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Ever since the promotion of breastfeeding as the best way to feed your baby, as compared to formula, there has been a counter-movement. We don’t want to push it too much because if moms don’t meet their breastfeeding goals we don’t want them to feel guilty, they said.   I’ll skip over how insulting it is it to presume that women need to be protected from facts.

As breastfeeding’s value became increasingly supported by research, and as greater numbers of moms listened to that argument and planned to breastfeed, it became part of the mommy wars.

You know what the mommy wars are, don’t you? If you don’t agree with my choice, you must mean I’m wrong, and if I don’t want to be wrong, I have to make you wrong. And if one mom is trying to make another mom feel wrong, then it doesn’t matter what it’s about, she’s wrong.

Lately, we have had a deluge of articles telling us that breastfeeding’s “benefits” (you know, “those” benefits, the things nature intended) aren’t all that beneficial after all. They say, in fact, there are times when a mom SHOULDN’T breastfeed.

A colleague sent me a picture of from a Facebook group that listed reasons why a woman shouldn’t breastfeed. I came to think of it as lies woman are told about breastfeeding.

First on the list was if a baby is allergic to mom’s milk. Babies are never allergic to mom’s milk. They may not tolerate something in her milk. This problem can usually be resolved. They neglect to mention that there can just as easily be intolerant to something in formula.

Also mentioned were:

  • A mom who has post-partum depression. Why would that exclude breastfeeding? In fact, research has supported the positive effect of breastfeeding on depression (1). Furthermore, if medication is necessary, many are compatible with breastfeeding.
  • Moms who are victims of abuse. This is so vague. Do they mean previous abuse, current abuse? What kind of abuse? There indeed will be the mom what won’t even be able to tolerate the thought of breastfeeding because it brings back memories of some sexual abuse. I am never going to make that mom feel like she just needs to suck it up, no pun intended. But to just say abuse in and of itself is a reason a woman shouldn’t breastfeed is a disservice to those women who want to breastfeed and for whom breastfeeding might be healing.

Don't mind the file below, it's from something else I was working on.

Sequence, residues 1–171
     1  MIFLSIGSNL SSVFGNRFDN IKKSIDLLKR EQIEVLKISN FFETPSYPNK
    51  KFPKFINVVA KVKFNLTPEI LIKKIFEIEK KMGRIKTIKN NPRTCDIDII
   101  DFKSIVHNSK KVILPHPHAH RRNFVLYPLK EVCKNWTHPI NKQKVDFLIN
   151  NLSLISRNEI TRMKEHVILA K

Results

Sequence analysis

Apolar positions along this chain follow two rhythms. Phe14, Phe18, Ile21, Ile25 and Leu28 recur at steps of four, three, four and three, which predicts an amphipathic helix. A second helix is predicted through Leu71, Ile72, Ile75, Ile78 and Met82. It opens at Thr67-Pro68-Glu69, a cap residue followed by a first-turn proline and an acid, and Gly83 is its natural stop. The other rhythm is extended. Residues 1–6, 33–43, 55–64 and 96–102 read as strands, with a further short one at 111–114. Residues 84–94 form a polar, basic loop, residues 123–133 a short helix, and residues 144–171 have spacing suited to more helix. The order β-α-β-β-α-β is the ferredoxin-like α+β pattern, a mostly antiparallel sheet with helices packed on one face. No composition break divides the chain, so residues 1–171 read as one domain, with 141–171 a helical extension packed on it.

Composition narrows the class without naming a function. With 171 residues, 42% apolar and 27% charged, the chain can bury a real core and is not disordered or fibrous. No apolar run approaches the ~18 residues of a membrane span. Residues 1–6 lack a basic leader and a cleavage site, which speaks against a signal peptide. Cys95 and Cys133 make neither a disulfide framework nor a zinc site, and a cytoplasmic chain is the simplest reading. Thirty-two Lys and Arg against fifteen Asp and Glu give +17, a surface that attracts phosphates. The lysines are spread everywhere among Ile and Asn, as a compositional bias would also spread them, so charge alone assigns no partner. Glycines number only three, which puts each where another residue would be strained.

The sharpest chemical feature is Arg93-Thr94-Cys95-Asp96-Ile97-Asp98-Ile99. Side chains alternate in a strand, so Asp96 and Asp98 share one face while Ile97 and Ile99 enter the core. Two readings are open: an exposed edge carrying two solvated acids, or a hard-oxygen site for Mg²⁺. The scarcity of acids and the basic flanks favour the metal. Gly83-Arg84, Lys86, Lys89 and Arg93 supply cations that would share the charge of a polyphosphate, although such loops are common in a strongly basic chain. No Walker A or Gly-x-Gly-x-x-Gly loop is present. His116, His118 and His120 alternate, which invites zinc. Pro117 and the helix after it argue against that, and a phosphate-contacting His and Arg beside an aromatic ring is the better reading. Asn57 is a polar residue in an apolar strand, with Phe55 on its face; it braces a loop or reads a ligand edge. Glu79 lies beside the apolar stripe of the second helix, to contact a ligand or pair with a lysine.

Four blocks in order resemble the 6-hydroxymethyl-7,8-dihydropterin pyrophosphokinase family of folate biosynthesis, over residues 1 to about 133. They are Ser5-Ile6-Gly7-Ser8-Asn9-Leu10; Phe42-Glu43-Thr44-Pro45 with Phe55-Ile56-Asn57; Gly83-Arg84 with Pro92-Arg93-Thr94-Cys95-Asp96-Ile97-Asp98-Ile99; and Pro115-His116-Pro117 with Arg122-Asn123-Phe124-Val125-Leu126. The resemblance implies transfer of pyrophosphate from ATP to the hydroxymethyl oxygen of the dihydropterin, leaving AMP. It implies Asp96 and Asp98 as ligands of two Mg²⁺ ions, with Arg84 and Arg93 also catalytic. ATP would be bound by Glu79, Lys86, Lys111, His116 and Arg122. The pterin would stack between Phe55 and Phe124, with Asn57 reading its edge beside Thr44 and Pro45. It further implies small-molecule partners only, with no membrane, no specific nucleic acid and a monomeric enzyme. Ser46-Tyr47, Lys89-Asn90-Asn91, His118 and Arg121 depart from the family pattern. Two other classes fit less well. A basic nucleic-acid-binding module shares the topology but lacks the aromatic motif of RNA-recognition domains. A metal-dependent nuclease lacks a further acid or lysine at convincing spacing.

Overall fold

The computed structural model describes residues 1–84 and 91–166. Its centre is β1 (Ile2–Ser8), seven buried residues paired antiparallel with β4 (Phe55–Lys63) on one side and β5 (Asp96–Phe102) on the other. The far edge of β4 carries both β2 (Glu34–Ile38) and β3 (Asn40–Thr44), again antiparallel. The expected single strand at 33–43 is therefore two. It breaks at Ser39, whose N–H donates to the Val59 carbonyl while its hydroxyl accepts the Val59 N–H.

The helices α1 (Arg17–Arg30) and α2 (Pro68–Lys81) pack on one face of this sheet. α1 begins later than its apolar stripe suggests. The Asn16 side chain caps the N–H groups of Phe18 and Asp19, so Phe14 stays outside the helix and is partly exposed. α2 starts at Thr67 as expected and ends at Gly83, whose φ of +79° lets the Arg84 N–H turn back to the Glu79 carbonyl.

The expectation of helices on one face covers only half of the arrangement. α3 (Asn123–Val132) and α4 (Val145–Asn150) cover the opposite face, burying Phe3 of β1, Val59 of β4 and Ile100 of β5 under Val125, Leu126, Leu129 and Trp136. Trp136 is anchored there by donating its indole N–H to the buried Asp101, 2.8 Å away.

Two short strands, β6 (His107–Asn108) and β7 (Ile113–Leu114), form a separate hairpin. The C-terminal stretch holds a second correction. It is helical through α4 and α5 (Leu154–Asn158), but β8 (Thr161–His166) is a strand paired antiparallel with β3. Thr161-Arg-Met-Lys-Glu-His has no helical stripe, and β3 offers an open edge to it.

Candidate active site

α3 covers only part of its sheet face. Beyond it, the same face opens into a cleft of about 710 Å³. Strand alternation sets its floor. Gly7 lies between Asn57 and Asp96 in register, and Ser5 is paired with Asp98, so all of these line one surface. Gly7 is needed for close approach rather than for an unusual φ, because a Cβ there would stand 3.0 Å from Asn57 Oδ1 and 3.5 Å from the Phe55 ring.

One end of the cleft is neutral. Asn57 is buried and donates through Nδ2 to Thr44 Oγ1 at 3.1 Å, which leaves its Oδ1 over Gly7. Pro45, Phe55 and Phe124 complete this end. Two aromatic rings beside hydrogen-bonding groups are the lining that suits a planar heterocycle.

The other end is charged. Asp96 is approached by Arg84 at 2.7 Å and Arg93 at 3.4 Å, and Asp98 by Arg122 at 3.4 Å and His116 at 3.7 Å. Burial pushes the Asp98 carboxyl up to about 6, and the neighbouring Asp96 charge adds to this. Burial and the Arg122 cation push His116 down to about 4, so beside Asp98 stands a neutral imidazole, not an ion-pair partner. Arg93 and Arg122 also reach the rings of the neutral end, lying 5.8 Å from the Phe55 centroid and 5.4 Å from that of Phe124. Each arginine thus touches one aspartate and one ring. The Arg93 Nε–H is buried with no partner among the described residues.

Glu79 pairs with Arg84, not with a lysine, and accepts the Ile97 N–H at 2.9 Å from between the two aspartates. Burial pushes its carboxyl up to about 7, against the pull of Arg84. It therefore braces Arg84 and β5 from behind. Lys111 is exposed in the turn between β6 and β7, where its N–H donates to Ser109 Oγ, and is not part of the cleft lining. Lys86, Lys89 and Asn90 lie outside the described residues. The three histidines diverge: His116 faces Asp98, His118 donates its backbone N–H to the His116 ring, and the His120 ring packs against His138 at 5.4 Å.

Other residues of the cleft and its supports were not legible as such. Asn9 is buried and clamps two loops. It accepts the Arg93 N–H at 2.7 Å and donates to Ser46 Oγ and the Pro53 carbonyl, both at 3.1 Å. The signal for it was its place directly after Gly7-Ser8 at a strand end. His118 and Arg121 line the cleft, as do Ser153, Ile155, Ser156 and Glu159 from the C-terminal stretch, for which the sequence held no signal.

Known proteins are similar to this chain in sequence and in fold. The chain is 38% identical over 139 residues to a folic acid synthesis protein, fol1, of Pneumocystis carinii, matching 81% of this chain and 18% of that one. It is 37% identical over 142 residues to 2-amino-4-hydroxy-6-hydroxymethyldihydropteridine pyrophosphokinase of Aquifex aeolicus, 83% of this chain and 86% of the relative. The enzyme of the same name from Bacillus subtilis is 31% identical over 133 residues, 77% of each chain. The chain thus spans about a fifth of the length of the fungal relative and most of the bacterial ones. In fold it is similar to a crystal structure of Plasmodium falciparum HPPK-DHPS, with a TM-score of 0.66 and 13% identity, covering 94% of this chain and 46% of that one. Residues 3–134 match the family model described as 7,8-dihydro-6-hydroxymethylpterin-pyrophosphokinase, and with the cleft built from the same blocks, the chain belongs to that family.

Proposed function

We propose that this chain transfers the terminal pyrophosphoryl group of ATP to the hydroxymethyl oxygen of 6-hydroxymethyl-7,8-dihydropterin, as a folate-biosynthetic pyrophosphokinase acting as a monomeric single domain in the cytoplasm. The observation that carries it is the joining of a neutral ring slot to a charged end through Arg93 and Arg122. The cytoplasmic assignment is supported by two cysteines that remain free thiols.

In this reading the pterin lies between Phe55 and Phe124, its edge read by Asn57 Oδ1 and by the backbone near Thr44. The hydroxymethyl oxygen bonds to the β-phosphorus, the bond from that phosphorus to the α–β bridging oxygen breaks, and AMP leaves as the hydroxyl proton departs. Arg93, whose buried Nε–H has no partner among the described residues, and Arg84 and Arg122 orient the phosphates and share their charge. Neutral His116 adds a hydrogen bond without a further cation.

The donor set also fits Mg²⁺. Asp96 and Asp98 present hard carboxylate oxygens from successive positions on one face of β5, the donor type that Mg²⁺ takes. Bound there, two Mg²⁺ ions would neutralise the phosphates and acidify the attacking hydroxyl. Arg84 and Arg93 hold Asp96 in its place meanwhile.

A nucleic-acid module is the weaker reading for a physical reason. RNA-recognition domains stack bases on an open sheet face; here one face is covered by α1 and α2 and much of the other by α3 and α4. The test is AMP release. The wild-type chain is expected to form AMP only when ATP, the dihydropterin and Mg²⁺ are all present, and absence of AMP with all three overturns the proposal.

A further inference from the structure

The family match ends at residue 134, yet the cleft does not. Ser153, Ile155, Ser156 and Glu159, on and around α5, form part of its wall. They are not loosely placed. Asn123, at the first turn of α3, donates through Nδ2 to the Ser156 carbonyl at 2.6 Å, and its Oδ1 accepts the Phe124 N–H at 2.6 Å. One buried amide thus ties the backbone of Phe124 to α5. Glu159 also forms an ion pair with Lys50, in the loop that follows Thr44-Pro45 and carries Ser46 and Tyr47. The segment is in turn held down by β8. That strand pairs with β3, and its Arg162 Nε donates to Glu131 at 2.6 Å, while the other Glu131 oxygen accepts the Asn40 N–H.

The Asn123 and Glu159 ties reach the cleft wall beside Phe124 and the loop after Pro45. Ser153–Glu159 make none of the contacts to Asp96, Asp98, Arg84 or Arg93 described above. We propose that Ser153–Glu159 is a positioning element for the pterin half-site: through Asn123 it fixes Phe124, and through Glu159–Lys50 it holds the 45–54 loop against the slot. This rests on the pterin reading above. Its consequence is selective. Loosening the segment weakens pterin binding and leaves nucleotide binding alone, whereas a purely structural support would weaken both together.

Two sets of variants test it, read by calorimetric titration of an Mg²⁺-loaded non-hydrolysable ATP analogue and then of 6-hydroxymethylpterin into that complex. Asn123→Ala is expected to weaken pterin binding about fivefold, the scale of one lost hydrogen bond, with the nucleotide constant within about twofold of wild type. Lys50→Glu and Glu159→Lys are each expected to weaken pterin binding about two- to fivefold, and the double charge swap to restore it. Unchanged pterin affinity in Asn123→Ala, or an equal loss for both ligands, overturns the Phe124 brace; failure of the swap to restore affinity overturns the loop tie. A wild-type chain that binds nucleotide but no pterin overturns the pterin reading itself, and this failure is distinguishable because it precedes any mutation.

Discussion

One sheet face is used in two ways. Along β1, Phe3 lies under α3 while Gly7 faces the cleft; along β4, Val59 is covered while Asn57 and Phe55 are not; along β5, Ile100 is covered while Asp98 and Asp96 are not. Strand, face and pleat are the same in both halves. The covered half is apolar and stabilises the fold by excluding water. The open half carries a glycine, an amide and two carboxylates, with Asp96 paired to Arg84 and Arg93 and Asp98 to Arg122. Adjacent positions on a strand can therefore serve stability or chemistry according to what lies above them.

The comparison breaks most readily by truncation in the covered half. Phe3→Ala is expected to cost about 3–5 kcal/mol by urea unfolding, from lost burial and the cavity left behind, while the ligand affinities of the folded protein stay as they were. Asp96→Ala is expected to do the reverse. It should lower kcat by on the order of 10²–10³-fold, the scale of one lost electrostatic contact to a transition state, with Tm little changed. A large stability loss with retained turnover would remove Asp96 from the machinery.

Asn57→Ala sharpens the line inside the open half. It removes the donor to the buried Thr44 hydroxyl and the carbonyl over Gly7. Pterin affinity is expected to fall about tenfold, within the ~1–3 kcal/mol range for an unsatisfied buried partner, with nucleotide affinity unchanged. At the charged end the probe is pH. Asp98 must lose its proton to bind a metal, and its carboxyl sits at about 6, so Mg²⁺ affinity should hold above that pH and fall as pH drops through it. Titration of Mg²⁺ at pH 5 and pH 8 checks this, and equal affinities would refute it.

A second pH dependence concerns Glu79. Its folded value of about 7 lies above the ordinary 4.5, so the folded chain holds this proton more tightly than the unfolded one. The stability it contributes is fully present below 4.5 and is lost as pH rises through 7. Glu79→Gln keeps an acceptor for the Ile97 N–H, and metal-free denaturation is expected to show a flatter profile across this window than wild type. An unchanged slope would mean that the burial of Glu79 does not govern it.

• A baby with medical needs. Ok, this one is just as vague. Often a baby who has medical needs are the very ones who will need breastmilk the most. In fact, for some babies, getting breastmilk makes the very difference between life and death.
  • If mom has to work and she can’t pump. News alert! The federal government has regulations that stipulate a mom must be allowed to pump while she is at work. If for some reason she chooses not to or finds the conditions too challenging (every mom has her own reality) she can continue to breastfeed when she is with her child, before and after work. Once you have established your milk supply, your body has an amazing ability to produce milk when asked.

The list does, in fact, provide some actual situations when a baby can’t be breastfed:

  • When both parents are dads
  • A mom has had a bilateral mastectomy

…Or shouldn’t be breastfed

            Moms who have to take a medication that is incompatible with breastfeeding. There aren’t many, but there are a few.

            Moms who have HIV, and have access to a safe formula preparation setting and clean water.

In their efforts to scare the most women about this topic, they forgot to list (2) the rare but real instances when..

  • a baby has galactosemia
  • a mom has active and untreated TB, or HTLV type I or II
  • a mom is taking antiretroviral drugs or undergoing radiation therapy.

Don’t listen to these lies about breastfeeding. And don’t perpetuate them.

Don’t let them go unchallenged.

While it may not work for some moms or some babies, the bottom line is still…


  1. Dias, C. C., & Figueiredo, B. (2015). Breastfeeding and depression: a systematic review of the literature. Journal of affective disorders171, 142-154.
  2. Eidelman, A. I., Schanler, R. J., Johnston, M., Landers, S., Noble, L., Szucs, K., & Viehmann, L. (2012). Breastfeeding and the use of human milk. Pediatrics129(3), e827-e841.

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